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Glass noodles?
What in the bibimbap-itty world are those, I wondered when coming across a snapshot of the glistening, transparent delicacies.

Not one to let an opportunity to learn something new slip through my fingers, I skedaddled straight to Google to get the lowdown.

Gulp, I must have been living under a culinary rock because one of the Goggle sources indicated that these noodles are used extensively at pan-Asian restaurants. Really?

Clearly, I don’t get out much and further research was needed.

We have several, er…four, Asian menus (one Thai and three Chinese) resting peacefully in our “take-out” collection. Faster than you can say satiny, I made a B-line for that mound of manuscripts to confirm or deny such an outlandish “extensive” declaration.
Only one of the four menus (Thai) offered a dish containing glass noodles, which, by the by, also happened to contain meat and was probably the reason for this lack of noodle knowledge. Haha…

Here is what else I learned…

Turns out these shimmery macaroni’s, also referred to as cellophane noodles, are made from the starch of vegetables. Two of the more common vegetable starches used include mung bean and sweet potato. Once cooked, they become clear-colored and chewy.

I focused on the sweet potato glass noodle also referred to as Dangmyeon and often used in Korean dishes.

Aside from kimchi, my knowledge in regard to Korean cuisine is pretty sparse.

Back to Google!

One of the dishes I often stumbled upon in my research was called Japchae, a sweet potato starch noodle stir fry (say that ten times fast!) with vegetables and meat. It is one of Korea’s more popular dishes and often served during celebratory occasions.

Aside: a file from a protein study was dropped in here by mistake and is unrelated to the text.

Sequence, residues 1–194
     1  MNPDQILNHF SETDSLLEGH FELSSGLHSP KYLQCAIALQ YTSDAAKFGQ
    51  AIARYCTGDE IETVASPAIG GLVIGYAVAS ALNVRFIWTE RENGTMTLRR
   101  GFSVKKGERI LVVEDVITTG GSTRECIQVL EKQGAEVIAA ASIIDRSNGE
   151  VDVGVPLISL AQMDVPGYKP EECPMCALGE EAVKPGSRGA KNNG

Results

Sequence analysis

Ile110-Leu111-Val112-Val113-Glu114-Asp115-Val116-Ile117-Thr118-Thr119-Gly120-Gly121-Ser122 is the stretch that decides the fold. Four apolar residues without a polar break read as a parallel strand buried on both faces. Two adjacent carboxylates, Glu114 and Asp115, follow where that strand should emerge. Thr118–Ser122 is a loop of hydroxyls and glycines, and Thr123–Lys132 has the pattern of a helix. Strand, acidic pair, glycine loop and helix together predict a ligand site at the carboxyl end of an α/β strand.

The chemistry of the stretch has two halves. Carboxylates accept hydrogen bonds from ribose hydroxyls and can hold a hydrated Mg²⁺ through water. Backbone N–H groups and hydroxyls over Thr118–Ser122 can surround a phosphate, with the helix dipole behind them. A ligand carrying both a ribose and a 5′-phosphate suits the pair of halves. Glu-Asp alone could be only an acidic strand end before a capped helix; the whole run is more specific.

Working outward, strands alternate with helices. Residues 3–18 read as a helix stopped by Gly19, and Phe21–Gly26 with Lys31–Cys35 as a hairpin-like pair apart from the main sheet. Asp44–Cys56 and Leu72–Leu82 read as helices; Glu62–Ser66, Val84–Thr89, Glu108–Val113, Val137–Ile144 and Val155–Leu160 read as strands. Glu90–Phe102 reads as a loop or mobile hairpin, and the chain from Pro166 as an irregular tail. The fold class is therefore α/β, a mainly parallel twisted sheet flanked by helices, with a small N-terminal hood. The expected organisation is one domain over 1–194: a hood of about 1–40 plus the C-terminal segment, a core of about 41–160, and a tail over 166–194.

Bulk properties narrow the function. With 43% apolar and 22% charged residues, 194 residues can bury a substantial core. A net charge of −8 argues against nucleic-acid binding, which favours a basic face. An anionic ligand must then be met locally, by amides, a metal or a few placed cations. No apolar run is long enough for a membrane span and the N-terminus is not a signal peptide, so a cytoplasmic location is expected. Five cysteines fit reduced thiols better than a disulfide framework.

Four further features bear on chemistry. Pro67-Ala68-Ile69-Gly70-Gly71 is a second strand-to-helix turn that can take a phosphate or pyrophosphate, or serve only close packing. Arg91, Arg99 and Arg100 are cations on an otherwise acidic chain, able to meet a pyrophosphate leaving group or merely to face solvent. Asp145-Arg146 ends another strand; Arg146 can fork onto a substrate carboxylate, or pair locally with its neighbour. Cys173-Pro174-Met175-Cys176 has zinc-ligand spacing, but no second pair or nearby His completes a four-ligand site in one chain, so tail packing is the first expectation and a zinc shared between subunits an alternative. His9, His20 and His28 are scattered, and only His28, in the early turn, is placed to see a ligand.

Most of the Japchae recipes used the same ingredients with little variation in the measurements. From the outset, with the exception of meat, I stuck exactly to the recipes. This was in order to get a feel for the flavors of the dish.

After a few go rounds, I made changes. If you were to compare my recipe to many others you would find that I omitted the sugar used in the marinade. Originally, I used brown sugar which was specified in many of the recipes. I then switched to 100 % pure maple syrup and finally decided to bypass sugar altogether because omitting it didn’t alter the taste of the dish. That could have been the result of my inclusion of ginger root, which significantly enhanced the flavor of the dish.
Additionally, while I used the sesame oil in the marinade, I omitted oil for the individual sautéing of the vegetables. Add a little water to the vegetables, if need be, to prevent them from burning.
Lastly, cooking the spinach was a procedure used in all the recipes I came across.  I preferred to keep it raw and tossed it into the dish last-minute.

This dish was loads of fun to sling together, to devour and one which will make its way into our rotation.

Serves 4-6


1 yellow onion, sliced
3 carrots, julienned
1 red bell pepper, julienned
10 oz mushrooms, whatever variety you prefer
7 oz glass noodles
spinach, keep raw
cracked pepper, to taste
toasted sesame seeds

Mushroom marinade:
4 tbsp tamari
1 tsp sesame oil
1 clove garlic, minced
1 tbsp 100% pure maple syrup, optional
1 tbsp ginger, zested (optional, but highly recommended)

Cook glass noodles according to package directions.
Once noodles are cooked (6-7 minutes) rinse in cool water.
Drain mushrooms and combine the left over marinade with the noodles. Set aside.
Heat a large skillet on high and cook vegetables individually and in order given. A few minutes for each group is all that is needed, given the small size.
Combine vegetables, noodles, spinach and cracked pepper in a large bowl.
Mix well.
Taste and adjust seasoning – sesame oil and more cracked pepper, if needed.
Reheat stir fry, in skillet, for a few minutes if desired. (This is not a traditional practice but I wanted the dish piping hot)
Plate dish and top with toasted sesame seeds.

Do you have a favorite Korean dish or recipe?  Please share or comment…